by Colin Smith
A new policy adopted by Council at its regular meeting Tuesday will enable Morinville’s Chief Administrative Officer to authorize land transactions.
The policy establishes a Land Management Framework intended to formalize administrative procedures for planning, managing and using Town-owned lands, including potential sales and purchases.
Currently, Morinville has about 162 hectares of Town-owned land, including parks, public utility lots and non-reserve designated lands. The policy applies to all Town-owned lands, regardless of size.
According to an Administration background summary, in recent months investors have been looking at purchasing Town-owned lands for private development purposes.
The previous procedure was for Town Council to review these offers, and the expected new use of the lands, at its regularly scheduled meetings.
However, it is considered that this method can be awkward and prohibitive to investment, as developers often require quick turnaround decisions for financing, construction and project delivery.
The Land Management Framework is intended to deal with this issue, as well as the Town’s long-term needs for future service locations and expansions.
It sets out rules and procedures for considering how to best utilize Town-owned lands for future needs, along with looking at future needs and goals, including service enhancements, collaborations, partnerships, municipal facilities, and potential private sales.
Town projects for which land may be needed include a park ‘n’ ride facility, new fire hall, new RCMP/Bylaw/Emergency Services building, enhanced or replacement Infrastructure Services facility, community hub and affordable/supportive housing.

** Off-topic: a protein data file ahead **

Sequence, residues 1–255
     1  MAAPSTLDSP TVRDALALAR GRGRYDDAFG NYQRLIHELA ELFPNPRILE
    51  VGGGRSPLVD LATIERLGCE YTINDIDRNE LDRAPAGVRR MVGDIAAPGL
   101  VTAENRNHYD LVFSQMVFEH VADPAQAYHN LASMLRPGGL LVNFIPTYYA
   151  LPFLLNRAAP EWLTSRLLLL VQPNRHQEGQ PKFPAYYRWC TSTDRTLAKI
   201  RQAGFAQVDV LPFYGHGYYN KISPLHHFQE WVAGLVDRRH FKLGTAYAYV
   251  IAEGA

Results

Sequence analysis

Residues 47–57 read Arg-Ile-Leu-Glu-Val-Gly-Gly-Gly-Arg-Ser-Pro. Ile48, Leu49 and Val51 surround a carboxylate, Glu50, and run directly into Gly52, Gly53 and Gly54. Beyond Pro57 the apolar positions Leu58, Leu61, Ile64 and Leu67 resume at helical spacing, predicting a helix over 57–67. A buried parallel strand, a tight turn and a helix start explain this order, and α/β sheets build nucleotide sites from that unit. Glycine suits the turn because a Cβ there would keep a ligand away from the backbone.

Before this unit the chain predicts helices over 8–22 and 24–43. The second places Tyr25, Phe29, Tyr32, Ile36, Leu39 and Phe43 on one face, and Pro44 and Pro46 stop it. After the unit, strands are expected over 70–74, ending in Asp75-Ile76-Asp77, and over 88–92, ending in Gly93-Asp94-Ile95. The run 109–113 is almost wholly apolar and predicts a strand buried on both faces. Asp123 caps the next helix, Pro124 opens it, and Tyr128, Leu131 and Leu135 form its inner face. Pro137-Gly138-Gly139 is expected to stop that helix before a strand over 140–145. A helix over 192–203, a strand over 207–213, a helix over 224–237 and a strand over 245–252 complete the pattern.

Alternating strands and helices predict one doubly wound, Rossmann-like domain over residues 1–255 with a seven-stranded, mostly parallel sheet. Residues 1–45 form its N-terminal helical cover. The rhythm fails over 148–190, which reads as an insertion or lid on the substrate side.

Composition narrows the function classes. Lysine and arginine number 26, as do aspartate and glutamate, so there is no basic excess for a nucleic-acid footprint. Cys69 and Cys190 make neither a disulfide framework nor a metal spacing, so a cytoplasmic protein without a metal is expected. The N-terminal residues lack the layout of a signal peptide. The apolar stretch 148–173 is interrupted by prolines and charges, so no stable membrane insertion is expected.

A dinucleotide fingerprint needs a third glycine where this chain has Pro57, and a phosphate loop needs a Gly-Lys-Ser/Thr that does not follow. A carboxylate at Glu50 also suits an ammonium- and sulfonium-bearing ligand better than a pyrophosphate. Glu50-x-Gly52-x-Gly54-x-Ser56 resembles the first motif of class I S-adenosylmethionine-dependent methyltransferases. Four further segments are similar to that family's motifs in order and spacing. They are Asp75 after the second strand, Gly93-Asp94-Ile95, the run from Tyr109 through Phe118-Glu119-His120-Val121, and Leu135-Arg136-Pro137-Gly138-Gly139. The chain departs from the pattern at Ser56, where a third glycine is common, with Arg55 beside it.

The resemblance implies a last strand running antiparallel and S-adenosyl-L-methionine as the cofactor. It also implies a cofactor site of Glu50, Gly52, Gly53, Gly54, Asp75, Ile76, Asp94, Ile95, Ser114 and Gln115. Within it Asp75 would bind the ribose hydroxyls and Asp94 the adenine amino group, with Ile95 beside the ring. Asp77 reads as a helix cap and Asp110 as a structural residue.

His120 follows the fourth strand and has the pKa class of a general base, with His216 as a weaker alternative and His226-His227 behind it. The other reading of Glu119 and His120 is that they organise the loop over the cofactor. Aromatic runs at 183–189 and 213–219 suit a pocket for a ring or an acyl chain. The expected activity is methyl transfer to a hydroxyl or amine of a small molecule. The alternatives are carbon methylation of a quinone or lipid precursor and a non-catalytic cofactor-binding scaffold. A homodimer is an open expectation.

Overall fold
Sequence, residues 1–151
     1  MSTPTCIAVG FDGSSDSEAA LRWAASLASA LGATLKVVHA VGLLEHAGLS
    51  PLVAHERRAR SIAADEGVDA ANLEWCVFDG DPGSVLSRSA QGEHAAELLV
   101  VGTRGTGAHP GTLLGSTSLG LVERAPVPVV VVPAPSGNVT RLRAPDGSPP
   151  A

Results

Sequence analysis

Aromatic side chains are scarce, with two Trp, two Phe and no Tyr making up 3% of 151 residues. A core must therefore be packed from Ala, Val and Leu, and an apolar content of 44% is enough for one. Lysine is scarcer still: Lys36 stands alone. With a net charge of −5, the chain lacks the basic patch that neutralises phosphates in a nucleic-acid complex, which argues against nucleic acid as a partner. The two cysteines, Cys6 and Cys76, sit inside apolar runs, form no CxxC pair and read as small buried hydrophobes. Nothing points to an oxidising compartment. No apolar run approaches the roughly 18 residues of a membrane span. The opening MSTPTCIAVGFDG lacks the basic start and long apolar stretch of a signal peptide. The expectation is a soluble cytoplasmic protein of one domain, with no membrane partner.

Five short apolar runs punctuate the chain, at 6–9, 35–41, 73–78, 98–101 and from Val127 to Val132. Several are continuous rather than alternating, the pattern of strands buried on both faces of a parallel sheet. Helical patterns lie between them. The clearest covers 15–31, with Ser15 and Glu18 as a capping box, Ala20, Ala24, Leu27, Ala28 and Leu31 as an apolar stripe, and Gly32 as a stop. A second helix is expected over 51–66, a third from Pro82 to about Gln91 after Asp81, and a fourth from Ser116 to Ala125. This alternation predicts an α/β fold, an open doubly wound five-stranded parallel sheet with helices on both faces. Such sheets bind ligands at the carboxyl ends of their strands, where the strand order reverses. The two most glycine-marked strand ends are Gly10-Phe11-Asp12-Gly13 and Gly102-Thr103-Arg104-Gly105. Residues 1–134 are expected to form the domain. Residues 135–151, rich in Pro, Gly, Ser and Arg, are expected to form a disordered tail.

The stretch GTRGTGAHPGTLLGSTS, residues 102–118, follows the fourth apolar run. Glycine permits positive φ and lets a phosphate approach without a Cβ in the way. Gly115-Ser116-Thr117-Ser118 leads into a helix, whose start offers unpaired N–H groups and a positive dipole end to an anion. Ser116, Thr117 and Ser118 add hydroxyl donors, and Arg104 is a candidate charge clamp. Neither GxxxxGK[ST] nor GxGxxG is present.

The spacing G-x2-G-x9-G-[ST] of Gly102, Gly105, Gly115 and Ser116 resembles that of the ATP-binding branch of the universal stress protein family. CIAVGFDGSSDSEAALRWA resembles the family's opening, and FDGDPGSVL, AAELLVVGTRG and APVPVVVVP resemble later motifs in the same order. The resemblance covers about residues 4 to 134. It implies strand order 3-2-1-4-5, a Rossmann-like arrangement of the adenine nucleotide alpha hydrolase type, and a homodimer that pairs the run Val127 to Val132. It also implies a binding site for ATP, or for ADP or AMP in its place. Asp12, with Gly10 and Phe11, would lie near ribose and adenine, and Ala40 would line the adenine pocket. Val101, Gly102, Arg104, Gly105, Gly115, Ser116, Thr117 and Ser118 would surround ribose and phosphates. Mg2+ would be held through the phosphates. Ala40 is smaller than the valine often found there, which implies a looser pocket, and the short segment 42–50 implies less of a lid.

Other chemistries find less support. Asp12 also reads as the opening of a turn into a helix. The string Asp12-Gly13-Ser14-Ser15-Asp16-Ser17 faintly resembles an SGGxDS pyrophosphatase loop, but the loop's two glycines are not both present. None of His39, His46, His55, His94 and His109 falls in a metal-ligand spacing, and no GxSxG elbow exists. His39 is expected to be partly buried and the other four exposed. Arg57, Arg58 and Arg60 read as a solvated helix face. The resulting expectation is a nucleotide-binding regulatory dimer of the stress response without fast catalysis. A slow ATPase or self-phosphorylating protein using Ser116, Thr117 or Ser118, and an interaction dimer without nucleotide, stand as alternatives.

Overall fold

Under the policy, the CAO or designate can authorize Town-owned land activities that align with Council’s strategic direction and expectations.
Land requests shall be managed by Planning and Economic Development, which will establish and manage an inventory of Town-owned land.
The Town will seek community input on a proposed land request when required by the Public Engagement Policy or deemed appropriate by Council. Accessibility, community benefit and impacts to adjacent properties will be taken into consideration.
Land sale or purchase decisions will be reveied by Council in a closed session, with any voting decisions made in a public meeting
Revenue generated from the sale of Town-owned land will be directed to a reserve fund to be set up.
“I think this absolutely a much needed in the right direction,” said Councillor Stephen Dafoe. “It does provide clarity on process and everything else.”
Dafoe added that consistent marketing is needed to ensure that everyone can become aware when the Town is selling land.
Councillor Scott Richardson said he has he talked to some people who feel there has been a lack of transparency in some past land sales.
“I think this eliminates that,” he said. “This sets a process that everyone knows and allows that transparency to happen.”
“I think one of the great pieces about this is a really forward motion and some of that red tape reduction we’re always talking about,” said Councillor Rebecca Balanko. “There’s a clear path and the people who know the business inside and out are the ones moving things forward.”
Mayor Barry Turner concluded the debate on the policy.
“As we continue to grow and develop, a key consideration is that when we are considering opportunities to either acquire or dispose of properties that we check-in with the priorities of the community,” he said. “That’s clearly illustrated in the policy.”
Approval of the policy, moved by Councillor Sarah Hall, was passed unanimously.